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20th CENTURY GHOSTS


By
JOE HILL (PS Publishing; 2005)

This independently published collection of stories was quite obscure, at least until it was republished by WIlliam Morrow in 2007.  This review is of the original publication of this essential book, from the UK-based PS Publishing.  I was alerted to it by a colleague who claimed readers were calling it one of the absolute best horror books they’d ever read, a sentiment echoed by Christopher Golden’s laudatory introduction (“I can say that if it were possible to scour from my mind the memory of having read these stories, I would happily do so, just so that I could have the pleasure of reading them again for the first time”).  Do I agree?  In a word, nope!  I will, however, acknowledge that this is a mighty impressive debut from an assured and wholly individual voice.

     This is Joe Hill’s first book, although according to the copyright page he’s been publishing stories in various obscure publications since 1999 (postscript: Hill's debut novel HEART-SHAPED BOX appeared in early 2007).  His uncommon skill and confidence are clear from the very beginning of this compilation of fourteen subdued, Bradbury-esque stories, most of them set in the nostalgic-yet-horrific world of childhood (there exists a fifteeth story, “The Saved”, that appears only in the expensive slipcased edition, which I don’t own).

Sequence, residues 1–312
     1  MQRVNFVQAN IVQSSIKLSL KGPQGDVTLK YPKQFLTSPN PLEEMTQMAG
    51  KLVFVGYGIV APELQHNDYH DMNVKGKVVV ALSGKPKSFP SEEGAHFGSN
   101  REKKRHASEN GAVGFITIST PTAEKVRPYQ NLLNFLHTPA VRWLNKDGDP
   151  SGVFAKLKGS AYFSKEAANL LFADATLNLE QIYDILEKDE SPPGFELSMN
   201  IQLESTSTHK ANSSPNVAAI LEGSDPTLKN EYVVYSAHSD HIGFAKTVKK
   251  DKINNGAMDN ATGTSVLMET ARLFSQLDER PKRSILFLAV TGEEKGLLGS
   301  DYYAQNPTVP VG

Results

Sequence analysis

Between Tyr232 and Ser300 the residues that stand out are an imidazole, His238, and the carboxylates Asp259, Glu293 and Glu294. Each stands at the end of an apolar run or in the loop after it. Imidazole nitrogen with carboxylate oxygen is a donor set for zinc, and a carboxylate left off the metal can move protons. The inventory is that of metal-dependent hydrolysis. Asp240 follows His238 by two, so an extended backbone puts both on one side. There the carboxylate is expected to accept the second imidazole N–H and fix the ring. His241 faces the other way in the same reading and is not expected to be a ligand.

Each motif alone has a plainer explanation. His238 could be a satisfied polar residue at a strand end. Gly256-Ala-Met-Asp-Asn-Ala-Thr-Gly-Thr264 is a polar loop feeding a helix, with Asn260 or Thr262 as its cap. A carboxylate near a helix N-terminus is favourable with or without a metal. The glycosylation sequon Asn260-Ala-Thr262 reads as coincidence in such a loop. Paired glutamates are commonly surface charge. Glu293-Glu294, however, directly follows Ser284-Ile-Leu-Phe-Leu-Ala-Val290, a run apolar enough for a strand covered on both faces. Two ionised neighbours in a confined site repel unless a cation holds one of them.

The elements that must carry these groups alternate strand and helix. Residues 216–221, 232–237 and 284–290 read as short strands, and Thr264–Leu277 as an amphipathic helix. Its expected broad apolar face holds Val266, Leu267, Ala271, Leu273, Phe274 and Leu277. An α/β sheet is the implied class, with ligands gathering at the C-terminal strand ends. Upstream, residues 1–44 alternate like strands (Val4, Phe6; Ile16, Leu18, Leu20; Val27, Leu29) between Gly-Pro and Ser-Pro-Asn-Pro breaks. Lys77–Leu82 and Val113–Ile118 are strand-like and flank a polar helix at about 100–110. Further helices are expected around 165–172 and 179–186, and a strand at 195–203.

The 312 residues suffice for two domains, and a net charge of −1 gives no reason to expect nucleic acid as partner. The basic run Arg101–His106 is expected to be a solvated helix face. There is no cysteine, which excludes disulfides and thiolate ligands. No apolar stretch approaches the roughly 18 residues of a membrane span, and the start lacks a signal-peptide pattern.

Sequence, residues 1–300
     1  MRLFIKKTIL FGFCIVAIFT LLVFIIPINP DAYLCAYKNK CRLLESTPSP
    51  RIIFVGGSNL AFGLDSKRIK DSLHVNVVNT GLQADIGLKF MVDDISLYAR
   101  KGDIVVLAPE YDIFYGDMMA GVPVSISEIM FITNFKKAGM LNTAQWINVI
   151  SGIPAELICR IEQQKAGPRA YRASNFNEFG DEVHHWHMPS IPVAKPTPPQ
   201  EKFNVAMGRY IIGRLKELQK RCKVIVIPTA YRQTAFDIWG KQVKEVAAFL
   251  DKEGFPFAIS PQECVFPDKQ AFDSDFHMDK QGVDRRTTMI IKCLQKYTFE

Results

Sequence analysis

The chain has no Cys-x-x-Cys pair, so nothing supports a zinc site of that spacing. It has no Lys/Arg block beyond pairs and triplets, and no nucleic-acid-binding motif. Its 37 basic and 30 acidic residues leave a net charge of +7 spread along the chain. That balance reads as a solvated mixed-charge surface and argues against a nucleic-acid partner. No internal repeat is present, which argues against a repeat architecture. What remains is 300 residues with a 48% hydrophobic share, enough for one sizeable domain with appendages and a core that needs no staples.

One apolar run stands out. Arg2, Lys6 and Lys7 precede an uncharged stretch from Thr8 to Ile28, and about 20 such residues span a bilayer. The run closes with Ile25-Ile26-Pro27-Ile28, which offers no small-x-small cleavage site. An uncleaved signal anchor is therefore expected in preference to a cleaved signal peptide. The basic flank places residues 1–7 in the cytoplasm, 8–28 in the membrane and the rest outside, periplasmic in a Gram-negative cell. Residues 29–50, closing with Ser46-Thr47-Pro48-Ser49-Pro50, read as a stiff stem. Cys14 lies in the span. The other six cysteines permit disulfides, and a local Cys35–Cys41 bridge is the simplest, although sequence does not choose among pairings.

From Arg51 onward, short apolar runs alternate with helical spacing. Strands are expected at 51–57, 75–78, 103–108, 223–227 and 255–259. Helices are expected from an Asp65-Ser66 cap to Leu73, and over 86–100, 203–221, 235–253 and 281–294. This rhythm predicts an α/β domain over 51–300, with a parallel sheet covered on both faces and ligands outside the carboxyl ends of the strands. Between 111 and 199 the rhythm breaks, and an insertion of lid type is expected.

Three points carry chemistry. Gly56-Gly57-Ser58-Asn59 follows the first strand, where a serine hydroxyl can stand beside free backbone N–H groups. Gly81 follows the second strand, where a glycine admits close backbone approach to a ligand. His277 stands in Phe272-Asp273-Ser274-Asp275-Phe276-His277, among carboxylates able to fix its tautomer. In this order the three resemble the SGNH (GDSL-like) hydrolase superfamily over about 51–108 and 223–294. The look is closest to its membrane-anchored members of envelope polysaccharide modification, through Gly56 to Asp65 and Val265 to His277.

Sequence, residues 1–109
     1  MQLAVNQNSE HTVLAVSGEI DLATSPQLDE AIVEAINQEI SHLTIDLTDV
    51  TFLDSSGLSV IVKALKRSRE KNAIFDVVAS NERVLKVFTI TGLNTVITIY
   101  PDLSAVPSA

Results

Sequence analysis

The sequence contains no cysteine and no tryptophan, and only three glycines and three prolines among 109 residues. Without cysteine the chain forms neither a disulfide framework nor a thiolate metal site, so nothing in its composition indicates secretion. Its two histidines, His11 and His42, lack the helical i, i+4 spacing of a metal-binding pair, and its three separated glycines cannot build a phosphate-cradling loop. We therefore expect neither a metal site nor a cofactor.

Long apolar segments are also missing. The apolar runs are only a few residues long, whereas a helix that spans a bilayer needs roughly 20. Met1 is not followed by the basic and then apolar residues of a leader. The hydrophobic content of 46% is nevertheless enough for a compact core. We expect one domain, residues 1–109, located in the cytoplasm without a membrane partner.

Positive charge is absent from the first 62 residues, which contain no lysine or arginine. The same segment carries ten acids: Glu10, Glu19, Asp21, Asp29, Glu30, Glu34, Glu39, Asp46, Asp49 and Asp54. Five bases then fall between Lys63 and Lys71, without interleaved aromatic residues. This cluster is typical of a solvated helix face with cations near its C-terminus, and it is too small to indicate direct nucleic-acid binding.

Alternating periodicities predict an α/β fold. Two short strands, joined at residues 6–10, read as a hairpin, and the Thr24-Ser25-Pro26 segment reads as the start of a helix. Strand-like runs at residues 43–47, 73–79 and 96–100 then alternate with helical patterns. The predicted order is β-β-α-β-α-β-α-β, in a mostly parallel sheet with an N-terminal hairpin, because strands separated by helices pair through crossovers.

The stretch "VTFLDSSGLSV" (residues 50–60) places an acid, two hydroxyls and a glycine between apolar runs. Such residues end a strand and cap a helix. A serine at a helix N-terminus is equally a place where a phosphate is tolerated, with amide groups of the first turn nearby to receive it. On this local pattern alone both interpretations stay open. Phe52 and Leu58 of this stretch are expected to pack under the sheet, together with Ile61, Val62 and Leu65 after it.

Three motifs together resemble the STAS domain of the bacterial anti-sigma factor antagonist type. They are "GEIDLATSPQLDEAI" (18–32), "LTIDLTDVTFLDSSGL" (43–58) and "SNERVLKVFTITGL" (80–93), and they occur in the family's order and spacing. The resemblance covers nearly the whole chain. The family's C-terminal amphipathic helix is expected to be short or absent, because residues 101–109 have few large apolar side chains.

The book is nothing if not well-rounded.  Its contents range from a tender tale of boy’s encounter with the sad realities of death (“The Widow’s Breakfast”) to a high-spirited pastiche of fifties B-movie clichés (“You Will Hear the Locust Sing”), a ghostly romance (“20th Century Ghost”), an enchanting evocation of Marquezian magic realism (“The Cape”), and two elegant exercises in obscurantism (“Dead-Wood” and “My Father’s Mask”) that will doubtlessly please Dennis Etchison fans.  Not all the stories worked for me, in particular “The Black Phone” and “Abraham’s Boys”, formulaic accounts of abused boys striking back against their respective tormentors (both conclude with pithy, Dirty Harry-esque one-liners) that are simply not up to the high standards set by the rest of the book. 

     There are, however, two bonafide masterpieces. “Voluntary Committal” is a novella at once wistful and dark-hued, a reminiscence of the disturbed narrator’s schizophrenic brother who was obsessed with empty boxes, from which he created labyrinthine structures in the basement of his family home.  It’s a stunner, with moments of shock and real beauty, not to mention a deeply poetic finale.  The transcendent “Pop Art” is even better, an absolutely breathtaking piece of surrealism about the short life of an inflatable boy. It’s funny, scary, touching and by itself worth the purchase. 

 


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